Organisational Behaviour Goal Setting Theory

2565 words 11 pages
Introduction
A goal is a target, and a target is set to be achieved. Everyone has their own goals in life; the goal of a student is to do well in their exams and to gain knowledge. A footballer’s goal is to score by putting a ball into the net within 90 minutes of play. Even animals has goals too, a tiger’s goal is to hunt for food. Goal setting has been a part of everybody’s life since ages ago. Setting of goals and targets by companies to strive for achievement is a fundamental to business survival and success (Shi et al. 2010, 86). Be it, achieving a profit of 30% in the fiscal year or improving skills and behaviors of their employees, goal setting has been an essential item in every firm. Other than identifying the target and
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This is due to the fact that, it is hard to measure the performance and effort of an unstructured goal, or also known as vague goal. Further research shows that by setting higher goals, an individual can make use of his/her skills or utilize his/her ability to create an awareness among colleagues, other than gaining the benefits mentioned above, the individuals are able to polish their skills and gain a further understanding on the subject matter. It is also said that by implementing difficult and specific goals, an individual’s performance can be enhanced on routine or easy task (Locke and Latham 1990).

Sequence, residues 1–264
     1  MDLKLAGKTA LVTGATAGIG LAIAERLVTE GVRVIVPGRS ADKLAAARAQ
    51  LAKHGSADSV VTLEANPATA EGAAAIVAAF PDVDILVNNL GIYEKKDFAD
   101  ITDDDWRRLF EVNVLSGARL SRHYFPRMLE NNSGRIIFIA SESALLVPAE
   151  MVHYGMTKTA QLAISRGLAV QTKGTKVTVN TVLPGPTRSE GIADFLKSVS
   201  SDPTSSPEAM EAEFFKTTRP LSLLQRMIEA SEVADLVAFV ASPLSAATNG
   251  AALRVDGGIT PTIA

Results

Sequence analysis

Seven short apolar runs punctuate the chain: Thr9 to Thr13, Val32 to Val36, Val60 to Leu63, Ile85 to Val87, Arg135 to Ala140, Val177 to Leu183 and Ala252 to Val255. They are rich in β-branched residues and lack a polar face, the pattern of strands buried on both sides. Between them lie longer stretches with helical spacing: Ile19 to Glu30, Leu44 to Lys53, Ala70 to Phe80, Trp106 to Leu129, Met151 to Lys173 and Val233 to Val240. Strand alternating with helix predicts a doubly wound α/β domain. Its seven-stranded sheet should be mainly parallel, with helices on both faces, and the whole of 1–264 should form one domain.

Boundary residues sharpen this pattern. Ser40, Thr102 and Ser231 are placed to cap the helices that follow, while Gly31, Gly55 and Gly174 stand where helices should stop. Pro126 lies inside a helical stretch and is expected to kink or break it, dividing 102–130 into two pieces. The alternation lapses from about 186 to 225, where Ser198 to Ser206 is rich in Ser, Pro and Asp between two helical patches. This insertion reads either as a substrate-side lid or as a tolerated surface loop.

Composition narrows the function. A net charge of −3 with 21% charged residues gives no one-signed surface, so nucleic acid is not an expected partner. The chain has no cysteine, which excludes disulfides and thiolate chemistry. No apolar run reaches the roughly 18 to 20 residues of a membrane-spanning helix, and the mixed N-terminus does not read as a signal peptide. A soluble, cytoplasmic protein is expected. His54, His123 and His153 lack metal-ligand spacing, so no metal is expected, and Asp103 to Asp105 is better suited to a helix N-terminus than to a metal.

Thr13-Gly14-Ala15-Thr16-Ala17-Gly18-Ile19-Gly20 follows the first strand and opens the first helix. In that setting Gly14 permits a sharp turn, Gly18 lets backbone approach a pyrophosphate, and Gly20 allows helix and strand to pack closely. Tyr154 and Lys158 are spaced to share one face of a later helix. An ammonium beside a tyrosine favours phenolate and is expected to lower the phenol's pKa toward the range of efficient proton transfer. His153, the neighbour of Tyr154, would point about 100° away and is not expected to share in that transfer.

After reading and doing some research, I simply quite agree with Latham and Locke’s theory on high goals. Indeed, high goal will equal high performance. A high goal should not be unclear and vague as well, as a vague goal will lead an employee to many problems

Feedback
According to Latham and Locke (2006, 334)’s statements, feedback and goal setting has become one of the basic fundamentals of self management throughout these years. From their example given in the case study, it tells that employees who have time management issues, or problem with truancy has made an effort to improve them. One of the methods is to write behavioral contracts which rewards, and punishes if one fails to show up for work. Through this, employees

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